By Lisa Dutton

On Tuesday, August 20, 179 Medical students started the four-year McGill Faculty of Medicine MDCM Program. The students have taken the first of many steps along the path to becoming family doctors, pediatricians, microbiologists, surgeons or other medical specialists.

The Class of 2023 kicked off their studies with a three-day orientation session and lunch with Dr. David Eidelman, Vice-Principal (Health Affairs) and Dean of Medicine. During orientation, students learned about the MDCM curriculum, WELL Office services (student affairs), Physicianship, McGill’s Global Health Programs, and other key topics designed to help them get up and running quickly once classes begin.

Addressing the students, Dean Eidelman, himself a McGill Medicine graduate, passed on three pieces of advice to students: be humble – caring for people is a privilege reserved for the few; keep on learning – health care is changing rapidly and students must commit to a career of lifelong learning; and be present – talk less, listen more. In reference to the third bit of advice, Dean Eidelman spoke of a study showing, on average, doctors give patients 11 seconds to explain the purpose of their visit before interrupting.

“How can a doctor provide proper care when he or she doesn’t even understand the purpose of the visit? Sir William Osler, one of McGill’s most eminent medical graduate said: ‘The good physician treats the disease; the great physician treats the patient who has the disease,’” shared Dean Eidelman. “So, take the time to listen to your patients. It will serve them well and it will make your medical practice that much more enjoyable and rewarding.”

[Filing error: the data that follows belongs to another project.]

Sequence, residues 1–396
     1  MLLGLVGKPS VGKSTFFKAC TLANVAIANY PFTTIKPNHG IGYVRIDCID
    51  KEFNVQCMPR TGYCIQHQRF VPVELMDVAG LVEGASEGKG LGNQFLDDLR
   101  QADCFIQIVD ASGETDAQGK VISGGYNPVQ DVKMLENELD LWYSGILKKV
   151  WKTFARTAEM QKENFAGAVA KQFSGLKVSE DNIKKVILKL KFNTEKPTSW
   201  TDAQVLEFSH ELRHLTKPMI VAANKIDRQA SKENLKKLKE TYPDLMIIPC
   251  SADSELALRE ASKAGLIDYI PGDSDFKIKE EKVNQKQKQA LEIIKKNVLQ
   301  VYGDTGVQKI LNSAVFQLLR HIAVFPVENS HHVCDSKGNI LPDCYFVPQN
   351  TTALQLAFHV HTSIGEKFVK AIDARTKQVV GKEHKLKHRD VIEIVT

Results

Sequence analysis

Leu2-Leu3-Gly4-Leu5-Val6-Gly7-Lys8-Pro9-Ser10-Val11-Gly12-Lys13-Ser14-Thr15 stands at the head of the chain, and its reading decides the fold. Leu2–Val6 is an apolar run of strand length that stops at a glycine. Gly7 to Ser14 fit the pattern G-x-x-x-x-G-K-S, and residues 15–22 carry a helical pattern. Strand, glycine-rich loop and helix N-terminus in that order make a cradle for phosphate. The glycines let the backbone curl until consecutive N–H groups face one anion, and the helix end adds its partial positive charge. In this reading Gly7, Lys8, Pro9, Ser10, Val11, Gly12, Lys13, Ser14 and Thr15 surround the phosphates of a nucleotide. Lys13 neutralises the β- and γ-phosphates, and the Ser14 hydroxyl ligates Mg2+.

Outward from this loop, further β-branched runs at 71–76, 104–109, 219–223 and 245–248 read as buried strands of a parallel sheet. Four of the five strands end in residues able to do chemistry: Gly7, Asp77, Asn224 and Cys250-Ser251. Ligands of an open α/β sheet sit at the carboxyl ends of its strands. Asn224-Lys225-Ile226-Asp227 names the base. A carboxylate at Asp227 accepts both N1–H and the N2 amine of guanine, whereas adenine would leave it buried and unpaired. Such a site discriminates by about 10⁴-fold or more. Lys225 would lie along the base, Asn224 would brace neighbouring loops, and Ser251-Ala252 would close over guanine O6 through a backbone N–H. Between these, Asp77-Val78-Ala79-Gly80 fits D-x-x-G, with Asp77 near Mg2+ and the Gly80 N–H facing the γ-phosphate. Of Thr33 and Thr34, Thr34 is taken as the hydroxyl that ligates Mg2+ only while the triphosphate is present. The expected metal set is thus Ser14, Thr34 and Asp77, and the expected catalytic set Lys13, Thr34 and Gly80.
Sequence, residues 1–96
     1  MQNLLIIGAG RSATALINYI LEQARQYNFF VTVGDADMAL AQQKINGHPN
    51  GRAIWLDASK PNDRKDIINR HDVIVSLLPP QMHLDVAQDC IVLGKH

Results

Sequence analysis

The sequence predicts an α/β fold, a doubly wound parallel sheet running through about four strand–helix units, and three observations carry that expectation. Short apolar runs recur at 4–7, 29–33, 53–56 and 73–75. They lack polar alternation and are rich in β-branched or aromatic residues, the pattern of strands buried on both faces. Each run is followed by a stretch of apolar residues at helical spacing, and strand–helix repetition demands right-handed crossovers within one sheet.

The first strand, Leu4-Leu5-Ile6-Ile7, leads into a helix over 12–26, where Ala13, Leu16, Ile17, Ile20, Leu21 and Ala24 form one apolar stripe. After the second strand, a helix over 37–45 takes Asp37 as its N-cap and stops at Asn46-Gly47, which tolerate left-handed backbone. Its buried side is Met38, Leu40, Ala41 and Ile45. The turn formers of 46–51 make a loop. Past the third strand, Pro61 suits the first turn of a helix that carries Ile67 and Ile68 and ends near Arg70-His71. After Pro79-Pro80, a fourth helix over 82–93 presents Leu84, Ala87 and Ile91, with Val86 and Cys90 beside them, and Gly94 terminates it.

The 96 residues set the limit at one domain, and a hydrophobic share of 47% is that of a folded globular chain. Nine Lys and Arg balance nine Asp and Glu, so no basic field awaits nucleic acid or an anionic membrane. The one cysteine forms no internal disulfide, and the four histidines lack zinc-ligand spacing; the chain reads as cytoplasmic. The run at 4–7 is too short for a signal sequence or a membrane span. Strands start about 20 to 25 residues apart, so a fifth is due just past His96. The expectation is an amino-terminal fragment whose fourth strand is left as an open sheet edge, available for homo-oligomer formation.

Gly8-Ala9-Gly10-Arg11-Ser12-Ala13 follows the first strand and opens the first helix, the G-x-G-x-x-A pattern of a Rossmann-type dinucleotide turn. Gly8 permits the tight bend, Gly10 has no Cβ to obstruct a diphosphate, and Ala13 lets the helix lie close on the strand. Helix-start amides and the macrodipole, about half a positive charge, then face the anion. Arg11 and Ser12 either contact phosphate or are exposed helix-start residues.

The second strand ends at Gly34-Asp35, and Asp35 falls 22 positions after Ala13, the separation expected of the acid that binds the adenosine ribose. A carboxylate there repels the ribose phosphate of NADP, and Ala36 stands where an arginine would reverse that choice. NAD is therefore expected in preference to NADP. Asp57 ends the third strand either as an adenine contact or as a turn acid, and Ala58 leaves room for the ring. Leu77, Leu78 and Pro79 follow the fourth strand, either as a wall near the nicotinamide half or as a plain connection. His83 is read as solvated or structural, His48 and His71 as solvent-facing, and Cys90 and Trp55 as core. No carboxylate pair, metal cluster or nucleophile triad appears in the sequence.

Delivering a speech that would have fit in well as part of the Just for Laughs Festival, Rami Habib, Executive President of the McGill Medical Students’ Society (MSS) joked about the stressful Multiple Mini Interviews (MMIs) that students brave during the admission process; the various quirks of medical students; and the fact the diagnoses on Grey’s Anatomy are not medically sound. On a more serious note, he encouraged students to ease-up on themselves. “To all you Type ‘A’ personalities, which is all of us, get used to imperfection. Don’t dwell on what you could have done better, just do your best. Surround yourself with friends and family who will be there for you when life gets stressful.”

Montrealer, Emilie Groulx-Boivin has dreamed of becoming a doctor since she was five. “The idea of being able to save a life; to be able to make a difference and to love your job,” she explains. “I don’t want to be someone who just looks forward to the weekend. I want to be one of those people who wakes up every day and says ‘I love my job.’ (In medicine) you have to use your brain and think hard, but you also interact with people; you aren’t stuck in an office. I don’t like routine. I think (medicine) is a really good fit for my personality.”

At age 39, Sébastien Jetté is embarking on career number two. After CEGEP, he studied law and has worked as a lawyer in both China and Montreal. However, the idea of becoming a doctor lingered. “The call of medicine was too loud,” he says. He realizes he’ll have to adjust his mindset. Law is often adversarial, but medicine is all about teamwork. Concerning his future area of specialization, he says, “I am told to keep an open mind, but right now I am leaning towards (medical) microbiology. My mother worked in a lab, and as a child, I often accompanied her to work. I seem to be attracted to the infinitely small.”

The average age of the new trainees is 23, and the age range is 17 to 40. The Class comprises 58% women and 42% men. The mother tongue of students is 40% English, 36% French and 24% other.

Photos by Owen Egan and Joni Dufour

August 27 2019